So I was thinking about writing a little bejeweled style game the other day and thought it’d be good enuff to have some shaded balls for the jewels.
Naturally, I decided to write small raytracer.
In case you missed the excellent “Raytracing Topics & Techniques” by Jacco Bikker, here is a quick break down of how a raytracer works: for each pixel at (x,y) in our image, we cast a ray, eg: from (x,y,0) to (x,y,-1).
Casting a ray involves checking to see which object it would hit / intersect first.
In the case of sphere’s, there is a pretty straight forward bit of black magic we can hijack from povray:
public double rayIntersection( Pt start, Pt stop ) { // start_to_sphere = start - center_of_sphere Pt start_to_sphere = new Pt( start, center_of_sphere ); double radius2 = radius_of_sphere * radius_of_sphere; double dv = stop.dot( start_to_sphere ); double stop_length2 = stop.lengthSquared(); double start_to_sphere_length2 = start_to_sphere.lengthSquared(); double start_to_surface_of_sphere = start_to_sphere_length2 - radius2; double determinant = ( ( dv * dv ) - ( stop_length2 * start_to_surface_of_sphere ) ); double result = -1; if( determinant >= 0 ) { determinant = Math.sqrt( determinant ); double t1 = ( -dv + determinant ) / stop_length2; double t2 = ( -dv - determinant ) / stop_length2; result = ( ( t1 = 0 ) || t2 < 0 ) ? t1 : t2; } return result; }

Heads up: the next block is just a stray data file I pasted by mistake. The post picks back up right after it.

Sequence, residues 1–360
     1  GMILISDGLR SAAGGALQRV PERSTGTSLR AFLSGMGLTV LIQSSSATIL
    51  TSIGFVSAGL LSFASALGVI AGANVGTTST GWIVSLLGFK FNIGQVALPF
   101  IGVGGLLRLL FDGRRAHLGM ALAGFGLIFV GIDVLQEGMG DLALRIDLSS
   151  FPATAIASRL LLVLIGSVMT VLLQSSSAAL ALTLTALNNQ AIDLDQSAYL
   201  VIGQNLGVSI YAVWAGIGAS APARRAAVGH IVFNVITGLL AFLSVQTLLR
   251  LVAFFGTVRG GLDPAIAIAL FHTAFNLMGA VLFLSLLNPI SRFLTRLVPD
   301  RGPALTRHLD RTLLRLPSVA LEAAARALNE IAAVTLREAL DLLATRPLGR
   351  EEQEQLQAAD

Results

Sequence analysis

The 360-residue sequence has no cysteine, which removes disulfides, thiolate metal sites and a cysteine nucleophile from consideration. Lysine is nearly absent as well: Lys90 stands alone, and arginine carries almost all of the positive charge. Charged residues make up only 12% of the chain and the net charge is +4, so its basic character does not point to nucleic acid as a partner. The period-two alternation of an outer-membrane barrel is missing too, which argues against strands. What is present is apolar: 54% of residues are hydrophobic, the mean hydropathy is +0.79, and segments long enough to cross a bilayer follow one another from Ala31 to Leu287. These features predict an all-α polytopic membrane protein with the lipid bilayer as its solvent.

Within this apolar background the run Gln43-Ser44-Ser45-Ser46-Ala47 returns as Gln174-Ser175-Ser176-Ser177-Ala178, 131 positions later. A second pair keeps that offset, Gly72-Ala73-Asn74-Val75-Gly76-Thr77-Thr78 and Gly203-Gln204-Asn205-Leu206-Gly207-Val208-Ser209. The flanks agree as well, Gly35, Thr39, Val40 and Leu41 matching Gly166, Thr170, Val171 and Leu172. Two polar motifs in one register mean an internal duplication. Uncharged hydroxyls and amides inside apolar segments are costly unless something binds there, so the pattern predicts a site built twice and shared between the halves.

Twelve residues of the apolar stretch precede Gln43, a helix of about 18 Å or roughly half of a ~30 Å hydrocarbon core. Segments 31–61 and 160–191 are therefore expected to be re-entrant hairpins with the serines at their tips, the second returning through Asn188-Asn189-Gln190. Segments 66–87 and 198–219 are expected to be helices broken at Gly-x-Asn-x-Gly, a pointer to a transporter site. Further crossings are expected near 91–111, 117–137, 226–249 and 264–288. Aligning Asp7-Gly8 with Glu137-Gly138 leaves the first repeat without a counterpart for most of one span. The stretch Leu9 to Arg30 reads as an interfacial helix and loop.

I know that looks cryptic and nasty, but the bottom line is that this will return a number from 0-1 to indicate how far along the ray the hit occurred or -1 if no hit occured.
Using a single ray per pixel and this using the distance value to weight the red, green and blue values for the sphere produced a result like this:
in about 0.320 of a second.
Looks pretty crappy, huh? Bet you could do better in the gimp in about that amount of time! 😛
Whatever… that was just the primary ray. The primary ray is neat, it tells us where the ray hit on what (player hater?), but why doesn’t it look that neat?
The reason is cuz there is no lighting model…
SPOILER WARNING: RayBall.java
BTW, if someone can give me a more descriptive (and accurate) name for that “dv” variable, I’ll happily change it. The changes from the povray example seem to work, cuz after all pt.dot( pt ) = pt.distanceSquared(), right?
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IE must be destroyed.
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